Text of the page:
Eureka stockade – why did it happen?

In the early hours of 3 December 1854, the British Army attacked the Eureka stockade in Ballarat, Victoria with almost three hundred soldiers and police. It’s been widely argued as to whether the army or the miners in the stockade fired first.

But why did it happen? Why did the gold miners build the barricades in the first place?

If we learned about the Eureka Stockade in school I don’t remember it and I certainly didn’t remember what caused it until I began my research. Do you know why it happened?

Today, the 164th anniversary of the massacre, the basic facts are these:

  • In 1854 a mining licence rose to 3 pounds a month, which afforded you nothing but a claim, water and wood. In today’s money, and with inflation, that’s around $600. The police would raid the mines regularly and if you didn’t have a licence and didn’t carry it with you, you would be arrested in a very violent fashion.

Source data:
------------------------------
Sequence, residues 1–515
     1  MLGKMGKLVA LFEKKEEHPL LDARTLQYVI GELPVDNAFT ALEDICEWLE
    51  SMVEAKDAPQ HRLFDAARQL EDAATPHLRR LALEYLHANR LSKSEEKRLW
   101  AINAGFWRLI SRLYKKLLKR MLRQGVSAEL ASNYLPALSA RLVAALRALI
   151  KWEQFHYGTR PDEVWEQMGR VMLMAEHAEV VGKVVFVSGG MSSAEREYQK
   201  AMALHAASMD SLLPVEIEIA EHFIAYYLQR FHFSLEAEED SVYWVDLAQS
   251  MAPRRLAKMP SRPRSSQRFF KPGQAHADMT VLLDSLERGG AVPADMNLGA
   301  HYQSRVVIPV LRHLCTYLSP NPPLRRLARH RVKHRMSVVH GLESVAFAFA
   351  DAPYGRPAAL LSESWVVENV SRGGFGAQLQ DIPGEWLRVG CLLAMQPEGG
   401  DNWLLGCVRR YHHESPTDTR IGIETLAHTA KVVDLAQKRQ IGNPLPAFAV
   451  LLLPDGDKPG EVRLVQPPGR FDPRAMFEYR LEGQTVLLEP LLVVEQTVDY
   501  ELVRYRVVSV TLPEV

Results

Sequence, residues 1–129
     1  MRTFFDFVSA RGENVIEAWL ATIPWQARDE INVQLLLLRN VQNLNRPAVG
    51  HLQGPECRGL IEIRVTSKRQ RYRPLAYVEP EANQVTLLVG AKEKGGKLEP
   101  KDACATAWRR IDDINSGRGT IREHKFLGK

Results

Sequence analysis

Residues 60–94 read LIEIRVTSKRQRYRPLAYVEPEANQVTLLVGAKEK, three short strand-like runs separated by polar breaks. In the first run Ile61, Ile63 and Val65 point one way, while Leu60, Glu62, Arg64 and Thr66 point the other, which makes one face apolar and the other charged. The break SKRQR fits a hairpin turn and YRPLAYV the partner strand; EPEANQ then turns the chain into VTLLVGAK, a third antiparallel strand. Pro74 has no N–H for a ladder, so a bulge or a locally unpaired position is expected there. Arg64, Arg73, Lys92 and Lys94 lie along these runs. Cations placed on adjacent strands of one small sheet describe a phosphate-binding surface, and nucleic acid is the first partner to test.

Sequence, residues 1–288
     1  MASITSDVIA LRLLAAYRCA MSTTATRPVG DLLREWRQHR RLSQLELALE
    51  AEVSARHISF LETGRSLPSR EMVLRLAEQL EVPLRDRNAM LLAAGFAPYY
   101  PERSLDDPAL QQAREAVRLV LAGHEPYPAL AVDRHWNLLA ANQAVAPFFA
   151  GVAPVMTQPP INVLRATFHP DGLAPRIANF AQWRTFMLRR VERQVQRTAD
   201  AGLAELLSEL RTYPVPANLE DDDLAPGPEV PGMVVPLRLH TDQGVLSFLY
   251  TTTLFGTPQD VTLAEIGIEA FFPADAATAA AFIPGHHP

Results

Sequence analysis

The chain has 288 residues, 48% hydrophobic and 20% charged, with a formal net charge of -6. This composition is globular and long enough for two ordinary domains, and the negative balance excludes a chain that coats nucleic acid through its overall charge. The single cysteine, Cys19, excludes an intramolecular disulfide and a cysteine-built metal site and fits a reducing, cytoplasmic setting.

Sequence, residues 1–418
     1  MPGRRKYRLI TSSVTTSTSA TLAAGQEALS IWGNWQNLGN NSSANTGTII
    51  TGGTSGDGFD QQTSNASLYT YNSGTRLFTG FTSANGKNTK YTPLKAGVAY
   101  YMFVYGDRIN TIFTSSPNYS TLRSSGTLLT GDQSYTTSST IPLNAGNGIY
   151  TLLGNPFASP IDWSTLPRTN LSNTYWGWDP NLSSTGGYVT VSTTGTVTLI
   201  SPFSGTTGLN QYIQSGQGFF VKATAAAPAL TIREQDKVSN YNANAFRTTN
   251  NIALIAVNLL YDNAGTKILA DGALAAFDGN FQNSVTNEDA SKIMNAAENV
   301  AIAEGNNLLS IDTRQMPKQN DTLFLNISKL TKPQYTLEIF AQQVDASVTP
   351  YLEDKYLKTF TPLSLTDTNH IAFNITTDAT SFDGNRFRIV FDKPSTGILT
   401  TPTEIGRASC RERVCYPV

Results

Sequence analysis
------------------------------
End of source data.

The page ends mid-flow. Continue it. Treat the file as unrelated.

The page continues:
• The murder of a Scottish miner by a wealthy pub owner was another inciting moment, especially when that pub owner was acquitted after a kangaroo court hearing
  • Immigrants weren’t allowed to own land and had no voice in the legislature in which to argue their grievances

And with their requests landing on deaf ears, the miners burned their licences and barricaded themselves in the stockade.IMG_1501 2

The conflict itself lasted no more than thirty minutes, but in that time it’s said (although there is some discrepancy as to definite numbers) that approximately twenty-seven civilians and four soldiers were killed. Nine more soldiers and countless other civilians, including women and children, were wounded.

Over a hundred diggers were arrested and a group of thirteen miners were charged with treason. They were eventually acquitted and cheered on by thousands of Melbourne residents who had come to watch the trials and to condemn the actions taken by the British Government and military in the taking of the Eureka Stockade in Ballarat.

The diggers’ commander in chief, Peter Lalor, was shot and severely injured in the stockade battle and eventually had his arm amputated. In November 1855 he was elected to the Victorian Legislative Council as Member for the new district of Ballarat, a role he stayed in until March 1856.